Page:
We teamed up with our friends at Texas A&M AgriLife to bring you a comprehensive guide for keeping your lawn lush and healthy during harsh North Texas summers. Lawn care doesn’t have to be hard or resource intensive, even with our demanding summer conditions. Check out our simple and smart list of tips to have the greenest yard on the block. We even included links to helpful resources, like St. Augustine and Bermuda Calendars so you can know exactly when to maintain your turfgrass.
Information in this guide was reprinted with permission from Texas A&M AgriLife Extension Service. Texas AgriLife are turfgrass and lawn care experts who conduct cutting edge turfgrass research, exclusively grown in Texas climates.
The most common turfgrasses used in North Texas lawns are St. Augustine, Bermuda, Zoysia, and Buffalograss. This guide is focused more on care for St. Augustine and Bermuda grasses because they are more sensitive than the other two and require more care during the heat of the summer. In general, St. Augustine is the most resource intensive grass, Bermuda and Zoysia are in the middle, and native Buffalograss is least resource intensive.
Summer is prime mowing season for warm-season grasses. It’s a regular part of turfgrass maintenance, but it is also a stress. How you mow can have a big impact on the overall health of your turfgrass.
Mowing height is determined by your species of grass, and how often you want to mow. Taller grass may shade out weeds and will promote a deeper, healthier root system. There is a direct relationship between your shoots (leaves) and your roots. This is often referred to as the “Root-to-Shoot Ratio”. A higher mowing height = deeper roots. Deeper roots = reaching water and nutrients that are deeper in the soil. It also means that you will improve your overall water infiltration. If you choose a higher mowing height, work to stay within the recommended height range for your particular species and variety of grass.
Your mowing frequency will primarily be determined by one thing: The 1/3 Rule. The 1/3 Rule is simple: Never remove more than 1/3 of your total grass height at one time. Doing so will stress your turfgrass. Removing too much tissue at one time is referred to as scalping. Scalped turfgrass is injured turfgrass. It will become extremely sensitive to drought and heat stress, and is more vulnerable to pests including weeds, diseases, and insects. Grass will grow at variable rates depending on water, fertilization, and temperature changes throughout the season. Depending on species, you may need to mow every 4-7 days in the summer, taking care to follow the 1/3 Rule. If you keep your grass at a shorter height, you will need to mow more frequently.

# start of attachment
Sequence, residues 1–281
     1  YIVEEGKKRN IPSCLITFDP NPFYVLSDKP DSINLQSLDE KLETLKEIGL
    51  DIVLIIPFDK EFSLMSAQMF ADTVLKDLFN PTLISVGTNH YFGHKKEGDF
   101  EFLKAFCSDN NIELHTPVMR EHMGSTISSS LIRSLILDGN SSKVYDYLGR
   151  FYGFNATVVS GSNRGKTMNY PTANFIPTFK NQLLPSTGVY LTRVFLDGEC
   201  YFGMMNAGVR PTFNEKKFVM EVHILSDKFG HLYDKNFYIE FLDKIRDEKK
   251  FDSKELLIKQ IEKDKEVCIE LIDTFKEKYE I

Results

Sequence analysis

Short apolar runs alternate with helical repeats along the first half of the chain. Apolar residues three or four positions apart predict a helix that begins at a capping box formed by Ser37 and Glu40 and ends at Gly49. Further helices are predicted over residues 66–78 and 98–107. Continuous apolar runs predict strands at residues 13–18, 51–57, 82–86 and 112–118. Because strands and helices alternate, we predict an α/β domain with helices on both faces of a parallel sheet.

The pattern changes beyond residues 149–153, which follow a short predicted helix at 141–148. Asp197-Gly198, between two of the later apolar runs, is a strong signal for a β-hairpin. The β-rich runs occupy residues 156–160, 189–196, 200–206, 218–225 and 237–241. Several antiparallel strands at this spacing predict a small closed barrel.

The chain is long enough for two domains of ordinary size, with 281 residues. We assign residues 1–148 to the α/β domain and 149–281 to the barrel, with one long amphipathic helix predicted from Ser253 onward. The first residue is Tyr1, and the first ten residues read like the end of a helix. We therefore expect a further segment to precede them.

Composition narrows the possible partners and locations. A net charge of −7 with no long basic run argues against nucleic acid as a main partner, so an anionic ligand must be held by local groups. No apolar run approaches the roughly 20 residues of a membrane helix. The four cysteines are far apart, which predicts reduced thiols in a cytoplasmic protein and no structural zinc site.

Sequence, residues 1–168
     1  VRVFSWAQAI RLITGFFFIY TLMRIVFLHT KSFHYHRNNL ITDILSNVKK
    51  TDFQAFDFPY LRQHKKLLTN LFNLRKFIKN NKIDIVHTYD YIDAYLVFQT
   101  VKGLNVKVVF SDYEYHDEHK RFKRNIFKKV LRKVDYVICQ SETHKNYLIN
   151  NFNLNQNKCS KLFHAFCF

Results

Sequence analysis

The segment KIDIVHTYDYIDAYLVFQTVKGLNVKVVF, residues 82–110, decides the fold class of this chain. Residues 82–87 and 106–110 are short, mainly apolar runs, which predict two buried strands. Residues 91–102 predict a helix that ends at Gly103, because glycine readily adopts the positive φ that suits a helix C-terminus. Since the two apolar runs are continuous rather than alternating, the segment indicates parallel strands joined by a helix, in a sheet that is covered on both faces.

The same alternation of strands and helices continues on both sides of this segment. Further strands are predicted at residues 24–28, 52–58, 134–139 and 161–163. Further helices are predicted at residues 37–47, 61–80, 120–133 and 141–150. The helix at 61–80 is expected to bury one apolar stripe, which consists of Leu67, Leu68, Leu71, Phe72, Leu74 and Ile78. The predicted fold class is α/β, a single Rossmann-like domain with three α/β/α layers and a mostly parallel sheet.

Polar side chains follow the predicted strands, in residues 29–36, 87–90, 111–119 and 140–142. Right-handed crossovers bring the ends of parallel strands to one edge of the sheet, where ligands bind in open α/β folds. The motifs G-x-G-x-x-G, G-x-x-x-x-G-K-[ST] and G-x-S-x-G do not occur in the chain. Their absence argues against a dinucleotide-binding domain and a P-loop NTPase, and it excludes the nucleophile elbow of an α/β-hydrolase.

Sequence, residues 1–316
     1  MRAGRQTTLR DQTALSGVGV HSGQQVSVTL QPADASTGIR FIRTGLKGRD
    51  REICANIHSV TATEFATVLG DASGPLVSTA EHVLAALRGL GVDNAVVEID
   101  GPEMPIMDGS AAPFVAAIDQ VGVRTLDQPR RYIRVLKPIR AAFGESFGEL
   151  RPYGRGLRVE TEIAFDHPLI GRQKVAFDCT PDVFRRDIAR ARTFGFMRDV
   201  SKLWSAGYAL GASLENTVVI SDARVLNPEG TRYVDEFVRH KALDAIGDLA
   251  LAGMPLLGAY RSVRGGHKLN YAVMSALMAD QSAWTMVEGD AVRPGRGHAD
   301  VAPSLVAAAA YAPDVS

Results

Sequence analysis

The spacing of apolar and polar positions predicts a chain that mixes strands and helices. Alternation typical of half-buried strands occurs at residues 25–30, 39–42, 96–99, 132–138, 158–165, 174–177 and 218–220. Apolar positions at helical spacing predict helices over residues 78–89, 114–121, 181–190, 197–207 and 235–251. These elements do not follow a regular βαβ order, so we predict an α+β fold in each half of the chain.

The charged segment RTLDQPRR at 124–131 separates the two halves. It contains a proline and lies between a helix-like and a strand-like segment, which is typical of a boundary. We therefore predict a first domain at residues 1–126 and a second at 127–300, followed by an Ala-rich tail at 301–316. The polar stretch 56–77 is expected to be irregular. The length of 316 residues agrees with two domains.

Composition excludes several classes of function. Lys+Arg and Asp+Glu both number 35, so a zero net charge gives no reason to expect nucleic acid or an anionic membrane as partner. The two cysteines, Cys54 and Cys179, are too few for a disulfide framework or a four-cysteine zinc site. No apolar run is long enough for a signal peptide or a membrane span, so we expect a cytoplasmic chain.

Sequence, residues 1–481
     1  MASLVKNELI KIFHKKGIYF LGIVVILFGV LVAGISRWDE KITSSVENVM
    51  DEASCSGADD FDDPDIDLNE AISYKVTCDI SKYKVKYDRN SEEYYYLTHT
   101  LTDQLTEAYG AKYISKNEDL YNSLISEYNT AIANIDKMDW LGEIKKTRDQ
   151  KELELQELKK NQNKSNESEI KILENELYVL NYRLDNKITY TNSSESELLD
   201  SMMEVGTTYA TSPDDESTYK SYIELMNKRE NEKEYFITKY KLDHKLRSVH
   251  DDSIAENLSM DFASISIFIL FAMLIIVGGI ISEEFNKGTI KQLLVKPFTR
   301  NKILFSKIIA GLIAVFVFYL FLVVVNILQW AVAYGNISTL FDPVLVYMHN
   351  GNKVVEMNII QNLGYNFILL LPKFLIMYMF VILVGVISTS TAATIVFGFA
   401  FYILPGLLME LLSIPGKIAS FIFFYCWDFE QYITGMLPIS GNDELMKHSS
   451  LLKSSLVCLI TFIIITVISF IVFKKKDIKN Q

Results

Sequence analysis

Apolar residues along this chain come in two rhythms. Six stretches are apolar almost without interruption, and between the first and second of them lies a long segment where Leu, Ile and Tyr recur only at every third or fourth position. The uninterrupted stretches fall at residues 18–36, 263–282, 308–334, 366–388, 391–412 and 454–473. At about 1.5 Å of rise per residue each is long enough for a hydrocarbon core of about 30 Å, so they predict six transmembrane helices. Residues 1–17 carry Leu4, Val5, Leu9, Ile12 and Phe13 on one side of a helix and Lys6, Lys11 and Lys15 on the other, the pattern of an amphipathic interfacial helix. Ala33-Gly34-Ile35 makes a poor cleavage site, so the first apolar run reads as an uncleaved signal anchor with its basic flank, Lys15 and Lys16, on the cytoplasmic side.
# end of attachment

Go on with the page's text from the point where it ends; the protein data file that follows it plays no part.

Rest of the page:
Returning clippings to the lawn can potentially reduce your nitrogen fertilizer requirements by between 25 and 50%. Mulching your clippings, as opposed to bagging them, can recycle these nutrients and provide good organic material for your soil. If you mulch your clippings, take care to rake them so that they are even across the area. Heavy piles or lines can damage the turf and cause problems down the road. Mowing in a different direction each time will also help prevent problems.
Watering becomes one of the biggest issues for turfgrass lawns, fields, and park spaces throughout the summer. Pay attention to municipal water restrictions. Water early in the morning to optimize what your plant can use. Try not to water in the evenings, as sometimes this can leave the grass too wet overnight, inviting disease. Different species have different degrees of drought tolerance and may require more or less water. Likewise, some varieties may be more drought tolerance than other varieties of the same species. Visit the AggieTurf website for more information of different turfgrass species.
Remember to water deeply and infrequently. To determine how long you need to water you will need to determine your sprinkler precipitation rate. Spread your watering over two mornings per week. Try to make sure that when you water, it is reaching a depth of 6” uniformly across the area. This may mean getting a trowel out and digging around. If you’re noticing some inconsistency in water stress (patches that seem thirstier than others), it may mean that your irrigation system is malfunctioning in some way. Consider a catch can audit to check your system and determine your sprinkler precipitation rate.
Fertilizing is not so “one size fits all” as we would sometimes like for it to be. Every environment is different with its own expectations, use, history, and needs. Remember that the health of your turfgrass is heavily dependent on the soil it is being grown on. Look for a custom approach that is specifically catered to your turfgrass area. Start by testing your soil. For information on soil testing, visit the Soil, Water, and Forage Testing Laboratory website.